The Tagalog Wikibook is designed to be user-friendly and versatile, yet be able to maintain quality. For those who are curious about how the Tagalog Wikibook works, this guide will tell you the Wikibook's structure and its functions.
Lessons are designed to provide a gradual learning experience and, as such, all lessons are in a logical order from the last lesson, building on what was previously learned.
Lessons in the Tagalog Wikibook are divided into the following parts:
- Diálogo (Dialogue)
- Talasalitaan (Vocabulary)
- Aralín (Lesson, the lesson proper)
- Gawain (Exercise)
Exercises are coming soon, so watch out as the book is updated.
Every lesson (except Lesson 0) contains a unique dialogue related to the topic the lesson will discuss. An interesting thing is that no two dialogues will have the same people.
All dialogues are in two languages: the Tagalog original and the translation of the dialogue into English.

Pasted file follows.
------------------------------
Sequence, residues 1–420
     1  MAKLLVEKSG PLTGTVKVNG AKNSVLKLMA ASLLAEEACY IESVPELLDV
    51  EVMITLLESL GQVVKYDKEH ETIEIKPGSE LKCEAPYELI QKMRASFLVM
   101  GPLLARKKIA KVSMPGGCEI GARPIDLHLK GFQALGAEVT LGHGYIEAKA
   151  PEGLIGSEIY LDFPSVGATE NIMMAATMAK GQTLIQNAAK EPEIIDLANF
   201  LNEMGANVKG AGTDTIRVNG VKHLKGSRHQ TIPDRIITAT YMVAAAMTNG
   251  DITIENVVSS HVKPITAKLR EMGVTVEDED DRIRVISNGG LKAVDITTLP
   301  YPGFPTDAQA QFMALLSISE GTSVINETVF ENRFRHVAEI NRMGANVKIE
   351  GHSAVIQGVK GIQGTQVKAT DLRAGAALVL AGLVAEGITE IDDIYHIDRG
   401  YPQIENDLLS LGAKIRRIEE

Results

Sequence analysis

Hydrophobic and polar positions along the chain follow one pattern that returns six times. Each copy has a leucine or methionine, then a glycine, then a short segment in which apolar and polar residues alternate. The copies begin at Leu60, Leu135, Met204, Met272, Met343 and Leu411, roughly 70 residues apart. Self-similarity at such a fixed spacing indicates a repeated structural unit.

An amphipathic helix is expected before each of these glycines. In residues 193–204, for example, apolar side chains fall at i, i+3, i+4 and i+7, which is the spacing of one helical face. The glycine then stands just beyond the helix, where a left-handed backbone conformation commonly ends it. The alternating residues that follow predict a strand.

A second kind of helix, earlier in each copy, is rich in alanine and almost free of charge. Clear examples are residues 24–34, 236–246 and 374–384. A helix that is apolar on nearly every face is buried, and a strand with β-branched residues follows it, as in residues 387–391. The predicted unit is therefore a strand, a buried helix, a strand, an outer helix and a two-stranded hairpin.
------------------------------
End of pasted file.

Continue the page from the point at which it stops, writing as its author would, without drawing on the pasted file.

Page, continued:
Every lesson also contains a list of words used in the dialogue called the talasalitaan or vocabulary. Words are bulleted and are in the order they were presented in. In the event that a word appears more than once, the word is put in the order it was in when it was first presented in the dialogue.
When reading the vocabulary list, note that the Tagalog word comes first before the English translation of the word.
The aralín, or lesson, is the lesson proper which discusses the topic being covered. The lesson proper is then split into "mini-lessons" where such subjects are covered in more detail.
Each lesson contains an explanation of the lesson and the mini-lesson (if applicable) and some examples on the lesson itself, such as pictures, text and others.
The lessons cover the grammar usage on the topic and as such are reflected in the examples.
Every lesson will contain an exercise on what was learned from the lesson. The exercises provide an opportunity to study Tagalog independently before moving on to the next lesson.
Currently, exercises are still being devised and will be added when completed.